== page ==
I believe the reasons why this lack of responsible thinking has come to the fore in more recent times revolves around two things. The first of these involves around the recent trend of a selfish society that is inclined to think of themselves first. The other is the legal fraternity, who have not only been involved in laws that allow a person to blame others, but who benefit financially from any resulting legal action. It would be very easy for lawmakers to specifically enact a law that clearly shows that every person should be responsible for their own actions. Going onto a person’s private property and then hurting themselves on something on that land should not the landowner’s responsibility. If the trespasser did not enter the land in the first place, they would not get hurt. That is not how the law in most places currently works.
Every person would modify their actions if they knew that they would always be accountable for their own actions. The insurance industry would have to modify their thinking as certain payouts would just not occur. Consumers would also benefit financially. If a person makes a adverse decision to do anything, and that decision results in an accident, any subsequent matter is immaterial. Any legal decisions should be based on who made the initial decision.
We all know that we regularly make snap decisions and sometimes this leads to disaster. Taking a couple of extra seconds or minutes before taking actions can often be a benefit. We sometimes decide to throw some rubbish out of our car window without considering anything at all. Are we being responsible? Could we have given that decision a second or two of reflection before acting? Not only that, are we in any way respecting other people, the environment, or anything else other than our own instant want? Littering is a reflection of a person’s lack of ability to think of anyone else but themselves. I do believe that in my part of the world littering has become less of a problem, but it still occurs.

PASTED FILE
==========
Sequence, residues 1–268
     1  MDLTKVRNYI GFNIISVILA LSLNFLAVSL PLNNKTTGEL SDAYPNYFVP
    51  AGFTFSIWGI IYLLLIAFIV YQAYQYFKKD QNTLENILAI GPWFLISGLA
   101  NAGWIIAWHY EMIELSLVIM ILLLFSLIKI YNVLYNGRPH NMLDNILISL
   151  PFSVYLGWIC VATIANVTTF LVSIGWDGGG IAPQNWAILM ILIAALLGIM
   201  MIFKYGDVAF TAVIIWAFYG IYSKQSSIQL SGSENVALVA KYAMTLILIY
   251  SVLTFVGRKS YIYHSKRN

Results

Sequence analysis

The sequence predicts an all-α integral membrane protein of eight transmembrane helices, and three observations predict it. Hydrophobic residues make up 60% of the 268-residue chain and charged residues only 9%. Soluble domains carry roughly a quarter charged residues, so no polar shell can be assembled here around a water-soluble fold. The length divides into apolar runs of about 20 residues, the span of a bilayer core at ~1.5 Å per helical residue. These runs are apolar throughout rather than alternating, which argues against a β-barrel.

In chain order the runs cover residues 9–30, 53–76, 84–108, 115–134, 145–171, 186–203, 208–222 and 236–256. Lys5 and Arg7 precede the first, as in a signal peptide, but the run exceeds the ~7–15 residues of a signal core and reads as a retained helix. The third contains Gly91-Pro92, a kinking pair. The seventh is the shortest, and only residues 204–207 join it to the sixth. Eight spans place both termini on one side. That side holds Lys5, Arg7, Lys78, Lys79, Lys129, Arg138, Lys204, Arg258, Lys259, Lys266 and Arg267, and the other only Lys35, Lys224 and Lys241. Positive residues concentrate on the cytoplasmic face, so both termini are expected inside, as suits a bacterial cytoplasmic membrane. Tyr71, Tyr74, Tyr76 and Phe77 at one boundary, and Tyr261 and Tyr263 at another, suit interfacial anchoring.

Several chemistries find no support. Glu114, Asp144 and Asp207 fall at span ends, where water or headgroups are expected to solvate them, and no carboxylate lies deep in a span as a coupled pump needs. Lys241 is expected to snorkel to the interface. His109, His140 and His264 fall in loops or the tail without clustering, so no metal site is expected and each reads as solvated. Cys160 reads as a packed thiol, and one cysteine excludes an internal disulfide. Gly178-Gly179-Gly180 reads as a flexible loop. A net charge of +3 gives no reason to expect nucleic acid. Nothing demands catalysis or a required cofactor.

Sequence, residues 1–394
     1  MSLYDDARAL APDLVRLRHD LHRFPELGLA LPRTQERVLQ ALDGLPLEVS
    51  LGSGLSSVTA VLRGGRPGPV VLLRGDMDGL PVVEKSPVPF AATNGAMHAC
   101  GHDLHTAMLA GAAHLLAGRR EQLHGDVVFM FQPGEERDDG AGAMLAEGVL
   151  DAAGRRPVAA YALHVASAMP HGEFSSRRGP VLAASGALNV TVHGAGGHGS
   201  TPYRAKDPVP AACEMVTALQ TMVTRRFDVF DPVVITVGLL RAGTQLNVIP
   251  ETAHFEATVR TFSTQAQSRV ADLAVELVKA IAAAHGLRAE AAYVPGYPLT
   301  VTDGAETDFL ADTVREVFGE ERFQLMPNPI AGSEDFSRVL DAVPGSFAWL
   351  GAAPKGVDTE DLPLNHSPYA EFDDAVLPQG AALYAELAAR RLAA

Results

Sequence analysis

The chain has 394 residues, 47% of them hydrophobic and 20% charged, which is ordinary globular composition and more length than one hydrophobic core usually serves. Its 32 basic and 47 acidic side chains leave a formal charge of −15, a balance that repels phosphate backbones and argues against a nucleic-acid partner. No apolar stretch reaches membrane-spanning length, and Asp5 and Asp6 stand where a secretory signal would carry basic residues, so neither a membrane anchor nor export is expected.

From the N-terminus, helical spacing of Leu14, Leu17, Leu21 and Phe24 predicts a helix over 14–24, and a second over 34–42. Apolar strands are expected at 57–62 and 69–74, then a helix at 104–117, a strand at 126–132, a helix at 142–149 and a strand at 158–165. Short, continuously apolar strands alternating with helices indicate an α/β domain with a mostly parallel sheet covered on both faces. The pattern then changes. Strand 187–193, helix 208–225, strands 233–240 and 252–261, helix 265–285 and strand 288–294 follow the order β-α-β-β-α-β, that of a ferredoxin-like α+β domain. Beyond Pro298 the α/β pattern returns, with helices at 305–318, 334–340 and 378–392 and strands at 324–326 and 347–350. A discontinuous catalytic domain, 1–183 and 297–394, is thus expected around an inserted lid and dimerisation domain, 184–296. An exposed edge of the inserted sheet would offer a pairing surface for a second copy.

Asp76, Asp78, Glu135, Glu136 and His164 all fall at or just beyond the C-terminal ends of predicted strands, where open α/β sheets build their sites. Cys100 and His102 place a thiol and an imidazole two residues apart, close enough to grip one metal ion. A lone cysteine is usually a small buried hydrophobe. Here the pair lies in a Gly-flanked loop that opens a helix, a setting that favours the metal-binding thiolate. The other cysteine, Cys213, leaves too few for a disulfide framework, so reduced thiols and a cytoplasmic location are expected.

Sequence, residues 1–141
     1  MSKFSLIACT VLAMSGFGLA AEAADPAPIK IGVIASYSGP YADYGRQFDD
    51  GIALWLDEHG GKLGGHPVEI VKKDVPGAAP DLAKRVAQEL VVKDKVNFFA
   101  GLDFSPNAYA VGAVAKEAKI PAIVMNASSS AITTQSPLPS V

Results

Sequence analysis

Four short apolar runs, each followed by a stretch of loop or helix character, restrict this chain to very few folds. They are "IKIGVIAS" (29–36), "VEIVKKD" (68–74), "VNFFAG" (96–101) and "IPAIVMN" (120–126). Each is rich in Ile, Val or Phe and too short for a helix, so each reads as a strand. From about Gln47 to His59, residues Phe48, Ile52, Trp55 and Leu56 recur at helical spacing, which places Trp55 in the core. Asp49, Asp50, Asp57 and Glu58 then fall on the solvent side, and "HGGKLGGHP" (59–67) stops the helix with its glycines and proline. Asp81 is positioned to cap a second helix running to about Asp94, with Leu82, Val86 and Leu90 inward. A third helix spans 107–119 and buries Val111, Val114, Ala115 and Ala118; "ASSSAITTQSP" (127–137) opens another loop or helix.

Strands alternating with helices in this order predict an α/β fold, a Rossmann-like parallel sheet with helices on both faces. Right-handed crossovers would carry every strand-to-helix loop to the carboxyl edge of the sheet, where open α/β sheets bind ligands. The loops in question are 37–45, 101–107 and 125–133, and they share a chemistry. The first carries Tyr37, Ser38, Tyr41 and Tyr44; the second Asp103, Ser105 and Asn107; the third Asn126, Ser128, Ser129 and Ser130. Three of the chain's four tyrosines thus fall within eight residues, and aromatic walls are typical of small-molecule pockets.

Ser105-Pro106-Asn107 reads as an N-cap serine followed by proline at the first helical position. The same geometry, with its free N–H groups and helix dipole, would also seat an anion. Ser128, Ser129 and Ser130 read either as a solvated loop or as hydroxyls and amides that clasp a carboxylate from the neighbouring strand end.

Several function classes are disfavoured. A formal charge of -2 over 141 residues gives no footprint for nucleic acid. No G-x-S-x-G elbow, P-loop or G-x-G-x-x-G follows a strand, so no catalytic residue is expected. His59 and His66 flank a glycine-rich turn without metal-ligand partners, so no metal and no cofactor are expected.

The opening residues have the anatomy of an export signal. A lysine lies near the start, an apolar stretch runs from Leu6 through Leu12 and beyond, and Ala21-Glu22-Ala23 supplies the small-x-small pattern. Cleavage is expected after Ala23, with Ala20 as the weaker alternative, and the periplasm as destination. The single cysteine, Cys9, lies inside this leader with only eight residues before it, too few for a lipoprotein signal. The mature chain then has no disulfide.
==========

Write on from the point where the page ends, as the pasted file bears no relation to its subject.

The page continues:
One of the defenses used in a court of law is “I had too many drinks, your honor, and I did not know what I was doing”. Unless someone forced alcohol down their neck, they were responsible for what and how much they drank. Being drunk is not a defense, it should, if anything, increase any penalty. It is all part of being responsible for one’s own actions. In most circumstances it is not difficult to work out what action precipitated all others. The only person responsible should be the person who set the train in motion.
The “2R’s”, Respect and Responsibility, are critical to any society if it wishes to become open, inclusive, cohesive, welcoming, comfortable, caring and generally successful. Each individual would need to include the “2R’s” in their thinking to enable this to happen. This might all sound very idealistic, and it probably is, but efforts should still be made by every person in this regard unless they wish for their society to deteriorate. In the end, we get the society we collectively deserve.
Not only should the “3R’s” be taught at schools, the “2R’s” should also be taught at the same time. We could end up with a society we can all be proud of, although that might just be wishful thinking. Any thoughts or comments out there?